Query Stats: April 2017

I received 440 queries in April! At the beginning of the month I was nearly caught up on responses, but of course that only lasted for an hour or so. #DVpit was also in April. It was my first time participating and it was amazing. I saw so many incredible pitches fly by, and I'm sure I missed many, many more. If you think we'd be a good fit please do query me even if I didn't <3 your pitch. I want to read your work!

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Total queries: 440
Number of responses sent so far: All
Total requests: 5 (3 YA fantasy; 1 YA suspense; 1 Adult paranormal)
#DVpit requests: 10 requests, 4 writers have actually sent materials. Although I hope very much that the rest come sliding into my inbox soon, please remember that you do not have to submit to me or to any other agent or editor who requests your material during a twitter pitch. Only send to people you genuinely want to work with. 

Genre Breakdowns

43 contemporary
6 dystopian
67 fantasy
14 historical
1 horror
2 magical realism
1 mystery
12 paranormal
4 retelling
2 romance
36 science fiction
1 suspense
4 thriller

4 adventure
8 contemporary
26 fantasy
2 historical
1 magical realism
5 mystery
1 non-fiction
1 picture book
2 retelling
2 science fiction

43 contemporary
1 dystopian
34 fantasy
19 historical
1 horror
1 humor
4 magical realism
1 memoir
13 mystery
3 nonfiction
11 paranormal
4 retelling
12 romance
20 science fiction
1 screenplay
4 suspense
20 thriller
1 stumper. I have no idea what this is, and the writer didn't provide a genre, either. 





TOTAL REPEAT QUERIES (same writer, same project): 2 :(

TOTAL PERSONAL REJECTIONS SENT: 2. Most of my rejections are form letters, but sometimes I add a personal note in there, when moved to do so. I cannot do this for everyone, so please do not respond to rejections asking for more details. I understand how frustrating it is to not know what to fix or what to improve. I know that silence or generic politenesses aren't something you can work with. Lean on critique partners and beta readers to get the critical feedback you need. And know that if I do send personalized feedback to you on a rejection, that it comes from a genuine place. 


The Waiting Game

Publishing is slow, and that sucks. I have so much respect for writers. The commitment and diligence it takes to write and complete a manuscript. The courage it takes to query. The dedication it takes to revise and revise and revise. And above all the patience--the ceaseless patience--required to persevere. 

And as an agent, I'm the one keeping people waiting. Waiting for responses to queries. Waiting for responses to requested materials. Waiting for author agreements. Waiting for edits. Wait, waiting, and yet more waiting at every stage of the process.

I am myself an impatient person. The time between when I've extended an offer of representation to an author and when they get back to me with their decision? Agony. So please believe me when I say that I intimately understand what it's like to live your life clicking refresh refresh refresh.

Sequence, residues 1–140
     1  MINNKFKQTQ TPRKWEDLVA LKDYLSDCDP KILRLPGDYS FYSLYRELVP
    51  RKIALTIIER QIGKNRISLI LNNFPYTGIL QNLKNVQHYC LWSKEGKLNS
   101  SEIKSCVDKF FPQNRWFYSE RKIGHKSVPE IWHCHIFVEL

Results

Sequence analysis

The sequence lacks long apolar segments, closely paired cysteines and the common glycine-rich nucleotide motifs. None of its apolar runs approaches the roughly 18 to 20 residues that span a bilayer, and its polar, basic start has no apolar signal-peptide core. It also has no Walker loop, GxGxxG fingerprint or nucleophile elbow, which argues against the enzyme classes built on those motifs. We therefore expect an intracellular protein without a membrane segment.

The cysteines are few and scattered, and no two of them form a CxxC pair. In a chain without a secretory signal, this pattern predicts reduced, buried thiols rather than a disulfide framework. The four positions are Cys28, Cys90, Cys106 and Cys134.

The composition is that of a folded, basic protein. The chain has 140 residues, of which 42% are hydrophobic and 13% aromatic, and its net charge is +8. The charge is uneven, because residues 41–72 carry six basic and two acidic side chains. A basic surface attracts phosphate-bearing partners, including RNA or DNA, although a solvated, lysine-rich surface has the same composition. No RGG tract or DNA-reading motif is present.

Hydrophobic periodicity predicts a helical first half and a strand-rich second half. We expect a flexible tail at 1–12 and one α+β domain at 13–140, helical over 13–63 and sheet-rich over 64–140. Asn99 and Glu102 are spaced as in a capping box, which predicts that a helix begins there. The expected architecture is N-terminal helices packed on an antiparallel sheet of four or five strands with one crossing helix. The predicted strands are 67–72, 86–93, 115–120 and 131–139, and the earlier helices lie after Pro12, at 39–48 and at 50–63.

I wish I could promise you all that I'll never keep you waiting ever again, but I can't. As I settle in I'm trying to adjust my response times to be reasonably in line with my workload, but it's all very fluid. I do try to be open and honest about where I'm at with things, through posts about query stats and humble emails asking authors for a reading extension, but I know that's little consolation when your book hangs in the balance.

The truth of it is that the work takes the time it takes. And that length of time isn't a measure of the quality of your work, and it isn't a measure of my enthusiasm for it or lack thereof. It is only a reflection of where my workload is at the moment. There are periods where I'm on top of things and the emails come quickly, and other periods when I haven't had a chance to even glance at my inbox or my reading pile. Still, there is no sweet spot for rejections. Authors are always thrilled when I am interested, whether that email comes after 30 minutes or 30 days. But rejection stings whether it comes now or later. 

Patience is a heroic quality, and one that writers must have as they pursue publication. It's also something we expect of authors, but rarely acknowledge. Please know that, as someone who is probably going to keep you waiting (at least for a little while), I recognize how difficult and painful and nerve-wracking waiting can be. I appreciate your patience. I appreciate the opportunity to consider your work. I appreciate the determination it takes to do what you do. 

And when it's your turn to keep me on the line as you explore all your options? 

Query Stats: March 2017

March was the slowest month for my inbox so far, so caught up quick! I received a total of 330 queries for the month, including those I requested through #PitMad.

Total queries: 330
Number of responses sent so far: 321* I've responded to all regular queries and am calling March closed. I do still have #PitMad requests to respond to, but because I requested 50 pages alongside the query I'm treating these differently. 
Total requests: 7 (2 YA contemporary, 1 YA historical, 2 YA fantasy, 1 MG fantasy 1 MG contemporary)
#PitMad requests: 9

Genre Breakdowns so far....

1 adventure
21 contemporary
7 dystopian
55 fantasy
7 historical
3 horror
3 magical realism
2 mystery
7 paranormal
4 retelling
2 romance
26 science fiction
2 thriller

1 adventure
9 contemporary
23 fantasy
2 historical
3 mystery
4 paranormal
1 picture book
2 retelling
8 science fiction

2 adventure
1 biography
40 contemporary
1 dystopian
21 fantasy
12 historical
2 magical realism
2 memoir
1 mystery
1 nonfiction
6 paranormal
1 poetry
2 retelling
6 romance
15 science fiction
13 thriller
2 stumpers. I have no idea what this is, and the writer didn't provide a genre, either. 



TOTAL QUERIES WITH INAPPROPRIATE WORD COUNTS FOR THEIR CATEGORY: 6. Including one project with a word count of 999k! Come on, guys. 

TOTAL QUERIES ABOUT NAZIS: 2. I'm going to start keeping track of these in the hopes that one day I never, ever get another one. Please do not send me projects that are sympathetic to Nazis. I have no interest in that take.